A Uighur man who leaked letters from inmates at China’s secretive internment camps in Xinjiang has been detained, according to activists and relatives.Abdurahman Memet, 30, a tour guide in Turpan, last year received letters from his parents and brother, written from inside detention centres in the far western region where as many as 1.
5 million Muslims are believed to be detained in political “re-education” and other camps.In July, the letters were translated and published in the Xinjiang Victims Database, a public repository and watchdog site. The rare documents, among the first from inside a camp, spread quickly online. In less than a week, Memet vanished.
China’s hi-tech war on its Muslim minority Read moreMuherrem Muhammad’ali, Memet’s nephew who lives overseas, said his uncle had sent him the letters as “proof” of the detention of many in their family. He decided to publish them last month in the database.“He believed the letters were proof. In our family, we had 10 people who were detained, so this was evidence,” said Muhammad’ali, who held on to the letters for almost a year before giving them to activists to post online.
“I want to publicise the experiences of my family, to awaken people’s conscience to say no to this regime and rescue Uighur people, and save this culture,” he said. “It’s not just me who has suffered this fate, but millions have seen their households ruined and families wrenched apart. They have been forced to leave their homes.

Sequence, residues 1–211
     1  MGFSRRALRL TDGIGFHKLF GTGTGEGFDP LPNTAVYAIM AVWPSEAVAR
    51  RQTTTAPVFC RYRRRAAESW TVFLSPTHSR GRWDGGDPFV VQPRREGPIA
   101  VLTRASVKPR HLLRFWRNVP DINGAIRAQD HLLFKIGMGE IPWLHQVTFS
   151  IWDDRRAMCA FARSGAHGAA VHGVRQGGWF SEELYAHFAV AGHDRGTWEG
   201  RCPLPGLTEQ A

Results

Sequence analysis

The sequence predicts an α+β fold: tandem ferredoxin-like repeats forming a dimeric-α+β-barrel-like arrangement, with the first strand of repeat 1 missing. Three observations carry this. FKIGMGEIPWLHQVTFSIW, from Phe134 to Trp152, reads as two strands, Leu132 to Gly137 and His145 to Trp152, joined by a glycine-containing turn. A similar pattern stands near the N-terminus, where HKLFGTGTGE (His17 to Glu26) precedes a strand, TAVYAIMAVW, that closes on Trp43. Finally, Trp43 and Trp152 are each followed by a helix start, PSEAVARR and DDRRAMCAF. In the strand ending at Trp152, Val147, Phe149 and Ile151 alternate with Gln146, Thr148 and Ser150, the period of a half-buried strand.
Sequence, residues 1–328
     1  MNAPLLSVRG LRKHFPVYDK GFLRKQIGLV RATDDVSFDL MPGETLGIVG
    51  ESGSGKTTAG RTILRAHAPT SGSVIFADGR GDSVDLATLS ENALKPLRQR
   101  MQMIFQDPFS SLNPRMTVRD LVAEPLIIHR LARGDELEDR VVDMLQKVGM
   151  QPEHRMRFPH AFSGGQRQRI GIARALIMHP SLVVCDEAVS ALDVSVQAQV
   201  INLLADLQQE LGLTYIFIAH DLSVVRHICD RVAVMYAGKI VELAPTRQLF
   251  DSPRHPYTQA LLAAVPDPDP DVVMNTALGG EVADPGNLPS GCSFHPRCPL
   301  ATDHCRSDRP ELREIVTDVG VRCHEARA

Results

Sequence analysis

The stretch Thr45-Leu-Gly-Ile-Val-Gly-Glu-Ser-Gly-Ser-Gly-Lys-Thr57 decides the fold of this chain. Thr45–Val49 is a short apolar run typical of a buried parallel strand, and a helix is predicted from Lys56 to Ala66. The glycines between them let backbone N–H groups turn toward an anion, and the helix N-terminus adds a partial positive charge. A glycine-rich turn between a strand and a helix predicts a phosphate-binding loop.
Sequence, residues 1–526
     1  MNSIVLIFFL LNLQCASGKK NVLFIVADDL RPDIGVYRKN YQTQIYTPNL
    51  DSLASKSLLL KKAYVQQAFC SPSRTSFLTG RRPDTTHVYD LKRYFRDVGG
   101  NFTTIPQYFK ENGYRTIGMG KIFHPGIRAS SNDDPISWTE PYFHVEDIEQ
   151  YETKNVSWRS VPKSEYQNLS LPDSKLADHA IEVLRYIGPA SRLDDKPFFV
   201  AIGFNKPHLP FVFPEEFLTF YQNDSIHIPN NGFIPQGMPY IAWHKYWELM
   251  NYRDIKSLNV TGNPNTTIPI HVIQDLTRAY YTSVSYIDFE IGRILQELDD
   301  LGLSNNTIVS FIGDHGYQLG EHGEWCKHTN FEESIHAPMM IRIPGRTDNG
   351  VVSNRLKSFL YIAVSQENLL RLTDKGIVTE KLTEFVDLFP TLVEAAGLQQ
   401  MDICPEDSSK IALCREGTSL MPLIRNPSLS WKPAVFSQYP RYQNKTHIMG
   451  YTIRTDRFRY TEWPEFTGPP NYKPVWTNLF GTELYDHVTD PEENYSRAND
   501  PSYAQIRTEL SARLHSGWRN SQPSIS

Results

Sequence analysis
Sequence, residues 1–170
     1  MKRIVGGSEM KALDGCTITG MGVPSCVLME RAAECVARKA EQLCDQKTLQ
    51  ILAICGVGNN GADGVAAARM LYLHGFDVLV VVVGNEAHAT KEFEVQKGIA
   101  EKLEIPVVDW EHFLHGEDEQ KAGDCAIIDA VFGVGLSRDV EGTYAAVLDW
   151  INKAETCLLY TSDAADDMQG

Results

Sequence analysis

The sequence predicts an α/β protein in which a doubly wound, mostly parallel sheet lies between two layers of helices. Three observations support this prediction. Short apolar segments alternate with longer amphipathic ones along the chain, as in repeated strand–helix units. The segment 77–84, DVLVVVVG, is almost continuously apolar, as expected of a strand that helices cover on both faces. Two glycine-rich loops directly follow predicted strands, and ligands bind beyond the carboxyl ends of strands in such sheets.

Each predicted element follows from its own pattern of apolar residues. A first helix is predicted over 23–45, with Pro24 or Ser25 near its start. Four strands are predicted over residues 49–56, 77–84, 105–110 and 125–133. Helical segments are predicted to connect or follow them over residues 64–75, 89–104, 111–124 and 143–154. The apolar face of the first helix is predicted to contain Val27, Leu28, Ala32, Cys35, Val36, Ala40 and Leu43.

”Within two days of the documents going online, Memet told Muhammad’ali he had received a call from police demanding to know with whom he had shared the letters. By the end of the month, Muhammad’ali learned through contacts that his uncle had been detained in Turpan. Police in Turpan did not respond to requests from the Guardian for comment.
The letters, addressed to Memet as well as his sister-in-law, appear aimed at comforting family members as well as supporting the government’s version of the camps, which Beijing says are “vocational training centres”. All three praised the generosity of the party and pledged their loyalty.But the letters still contain disturbing details and echo the self-criticisms and confessions that were a feature of similar “re-education” camps in the Cultural Revolution.
‘This isn’t true’: Uighur families angered by China claim relatives freed Read moreMemet’s mother, 60, wrote that the dormitories were in “good condition”, equipped with hot water, bathrooms, and air conditioning, and that inmates were provided food, shelter, clothing and “free” learning materials.She goes on: “I let the party and the government down.
I let the society down… I am grateful to the party and government for giving me the opportunity to change! I will always follow the party, I will always listen to the party, I will be grateful to the party”.
Facebook Twitter Pinterest A translation of a letter from Memet’s mother.
. Photograph: Supplied
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